Rosacea is a  chronic disease that affects the skin and sometimes the eyes. Characteristics of the condition include redness, pimples, and, in advanced stages, thickened skin. Although rosacea usually affects the face, it can affect parts of the upper body. Despite how common the condition is, many people with rosacea go undiagnosed.

Approximately 14 million people in the United States have rosacea, and it is more common in women (particularly during menopause) than in men. Rosacea tends to occur more frequently in people with fair skin; however, it can occur in people of any skin color.

Common Symptoms

  • Frequent redness or flushing of the face. The face may also have a burning sensation and slight swelling.
  • Small red lines under the skin, which appear when the blood vessels under the skin get larger. This area of the skin may be somewhat swollen, warm, and red.
  • Constant redness, along with bumps on the skin. Sometimes the bumps have pus inside (pimples), but not always. Solid bumps on the skin may later become painful.
  • Inflamed eyes and eyelids.
  • A swollen nose. In some people (mostly men), the nose becomes red, larger, and bumpy.
  • Thicker skin.

See pictures of Rosacea

Although there is no rosacea cure, the condition can be treated and controlled. Without proper care, rosacea may progress to a more disfiguring condition, known as Rhinophyma.

What Is Rhinophyma?

The most common characteristic or symptom of rhinophyma is an enlarged, bulbous, and red nose. Rhinophyma is associated with the sebaceous (oil-producing) glands beneath the surface of the skin on the nose. The condition is more common in men than women. See pictures of Rhinophyma

Treating Rosacea and Rhinophyma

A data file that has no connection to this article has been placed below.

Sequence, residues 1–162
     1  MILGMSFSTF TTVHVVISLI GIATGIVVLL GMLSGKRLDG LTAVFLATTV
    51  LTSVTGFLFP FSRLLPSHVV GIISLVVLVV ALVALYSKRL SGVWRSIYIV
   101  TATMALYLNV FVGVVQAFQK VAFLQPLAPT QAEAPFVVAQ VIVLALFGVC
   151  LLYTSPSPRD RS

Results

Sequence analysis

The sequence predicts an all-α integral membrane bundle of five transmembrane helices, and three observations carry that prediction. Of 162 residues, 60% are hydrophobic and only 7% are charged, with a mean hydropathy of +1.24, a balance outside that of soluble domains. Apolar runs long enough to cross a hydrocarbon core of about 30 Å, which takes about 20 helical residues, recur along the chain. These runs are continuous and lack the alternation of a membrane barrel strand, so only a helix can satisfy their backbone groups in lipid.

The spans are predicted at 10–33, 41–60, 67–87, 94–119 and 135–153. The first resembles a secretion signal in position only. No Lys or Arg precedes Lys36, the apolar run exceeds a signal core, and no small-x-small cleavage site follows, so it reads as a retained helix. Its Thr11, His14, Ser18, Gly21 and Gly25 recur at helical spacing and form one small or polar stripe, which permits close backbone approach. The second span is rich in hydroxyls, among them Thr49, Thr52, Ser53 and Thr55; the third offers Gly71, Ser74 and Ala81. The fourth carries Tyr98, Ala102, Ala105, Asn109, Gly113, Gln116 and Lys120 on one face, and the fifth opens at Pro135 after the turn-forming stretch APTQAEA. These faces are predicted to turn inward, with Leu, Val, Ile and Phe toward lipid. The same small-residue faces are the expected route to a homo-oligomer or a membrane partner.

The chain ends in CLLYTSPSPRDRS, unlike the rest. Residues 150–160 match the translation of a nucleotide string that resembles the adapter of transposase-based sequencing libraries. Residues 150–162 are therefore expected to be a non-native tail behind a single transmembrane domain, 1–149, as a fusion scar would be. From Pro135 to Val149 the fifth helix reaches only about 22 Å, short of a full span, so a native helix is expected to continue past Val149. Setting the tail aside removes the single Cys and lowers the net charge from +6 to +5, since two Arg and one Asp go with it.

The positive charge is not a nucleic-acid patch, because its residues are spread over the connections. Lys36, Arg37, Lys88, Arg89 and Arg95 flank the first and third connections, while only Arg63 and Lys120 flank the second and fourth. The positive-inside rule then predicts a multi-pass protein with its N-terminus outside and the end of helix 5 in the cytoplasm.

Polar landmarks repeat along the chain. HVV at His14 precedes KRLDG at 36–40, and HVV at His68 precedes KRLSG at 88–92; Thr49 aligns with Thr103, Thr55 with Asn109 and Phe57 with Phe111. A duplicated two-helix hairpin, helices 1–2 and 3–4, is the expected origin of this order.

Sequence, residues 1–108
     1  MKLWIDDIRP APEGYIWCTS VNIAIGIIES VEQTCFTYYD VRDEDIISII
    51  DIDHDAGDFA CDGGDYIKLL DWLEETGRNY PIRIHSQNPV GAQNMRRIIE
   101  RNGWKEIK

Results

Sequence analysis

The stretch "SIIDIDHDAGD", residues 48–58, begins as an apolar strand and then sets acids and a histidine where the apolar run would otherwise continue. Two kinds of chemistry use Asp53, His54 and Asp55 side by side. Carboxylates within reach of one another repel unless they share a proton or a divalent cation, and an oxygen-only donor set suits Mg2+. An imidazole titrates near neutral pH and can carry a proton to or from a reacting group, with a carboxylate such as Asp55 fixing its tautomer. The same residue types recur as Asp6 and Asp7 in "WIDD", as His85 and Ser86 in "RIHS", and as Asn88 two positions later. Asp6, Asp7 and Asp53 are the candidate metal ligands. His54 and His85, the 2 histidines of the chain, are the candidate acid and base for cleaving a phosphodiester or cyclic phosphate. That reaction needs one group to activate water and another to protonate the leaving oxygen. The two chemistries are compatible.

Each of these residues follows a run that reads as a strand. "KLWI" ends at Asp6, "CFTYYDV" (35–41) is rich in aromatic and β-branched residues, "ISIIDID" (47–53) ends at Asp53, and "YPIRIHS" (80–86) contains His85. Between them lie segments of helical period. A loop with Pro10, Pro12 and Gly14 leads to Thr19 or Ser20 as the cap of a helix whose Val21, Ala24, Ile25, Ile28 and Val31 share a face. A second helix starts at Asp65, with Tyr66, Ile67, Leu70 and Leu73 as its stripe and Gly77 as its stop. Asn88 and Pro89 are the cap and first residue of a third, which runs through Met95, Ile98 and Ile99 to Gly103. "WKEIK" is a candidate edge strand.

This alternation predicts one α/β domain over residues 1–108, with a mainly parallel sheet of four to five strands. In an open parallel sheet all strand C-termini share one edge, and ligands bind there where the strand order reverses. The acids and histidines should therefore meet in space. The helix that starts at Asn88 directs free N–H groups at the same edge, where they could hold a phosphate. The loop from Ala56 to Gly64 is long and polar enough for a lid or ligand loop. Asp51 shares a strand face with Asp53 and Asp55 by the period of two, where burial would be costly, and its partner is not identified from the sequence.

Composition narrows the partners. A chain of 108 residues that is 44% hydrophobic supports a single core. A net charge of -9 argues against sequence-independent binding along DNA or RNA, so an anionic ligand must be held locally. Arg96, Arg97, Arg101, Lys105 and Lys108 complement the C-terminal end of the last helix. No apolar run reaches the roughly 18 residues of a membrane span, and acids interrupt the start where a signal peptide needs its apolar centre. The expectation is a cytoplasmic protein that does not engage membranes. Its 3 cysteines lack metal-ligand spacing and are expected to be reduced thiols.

There is a common four-stage algorithm of treatment for these conditions. The first three stages of rosacea, and the fourth stage is rhinophyma. For the first stage of the pre-rosacea, the mainl treatment is focused on prevention. On the second stage, some topical and oral treatments are used. More agressive medication is typically used during the third stage. If nothing works and rosacea develops into rhinophyma, the only treatment is surgery. Topical treatment includes metronidazole gel and Retin-A; however, Retin-A may exacerbate the erythema. Oral treatments include tetracycline, metronidazole, and Accutane. Radiation and chemical scarification are no longer accepted methods. Originally all surgeries were skin grafted (decortication), as it was feared that the rhinophymatous tissue would recur. Now, however, surgical decortication with preservation of the sebaceous glands fundi is the preferred method of excision. Preservation of the glands will allow spontaneous re-epithelialization. These are the frequently used devices that we may see in rhinophymatous surgery. The oldest method of the rhinophymatous surgery is the excision (the cold technique). The risk of scarring and hypopigmentation are common. Electrosurgery for rhinophyma was introduced in 1950s. There is greater heat dispersion compared to CO2 laser and Cold Knife, which can lead to scarring and hypopigmentation. One can use a wire loop or a hockey stick attachment. Greenbaum, in an interesting study, took three patients and treated one-half of the nose with CO2 laser and then treated the other half of the nose with electrosurgery and concluded that both gave equivalent cosmetic results with equal time to re-epithelialization. However, he stated that the laser technique took him twice as long compared to the electrosurgery technique and he also reported that CO2 laser is 15 to 20 times more costly than the electrosurgery. Stucker states that you should reserve this technique only for diseases on the nasal tip. You can see why, since sometimes you may get some alar notching here. The CO2 laser was introduced in 1980s. Excision of the bulk of rhinophyma was used with the CO2 laser, and vaporization was used for the rest with the depth of 0.1mm. The Erbium:YAG laser use for rhinophyma became available and common in mid-1990s. Better  cosmetic results with shorter healing time were obvious due to the smaller thermal damage zone compared to the CO2. Dermabrasion is another technique used in rhinophyma; however, it is usually used as an adjuvant to other methods. Dermabraders are simple tools that are very effective but may cause a very sever trauma and extended hypopigmentation. The recent advances in laser technologies offer less invasive and very efficacious approach to treating rosacea and preventing rhinophyma. Nd:YAG lasers are used to reduce and control rosacea and to get patients off Accutane, which has been linked to birth defects and other complications. If rosacea has developed into rhinophyma, the Erbium laser provides very accurate tissue ablation and allows the sculpturing of the hypertrophied areas, offering good cosmetic results, with a very short healing period. Combined carbon dioxide laser and bipolar electrocoagulation is another another option to treat rhinophyma. This combined method provides a bloodless operative field which allows the sculpting of the hypertrophic areas, leading to a good cosmetic outcome and a pain-free postoperative recovery. In conclusion, it is important to diagnose rosacea at an early stage and treat it effectively before it has a chance to develop into rhinophyma and disfigure the patient’s nose and face.

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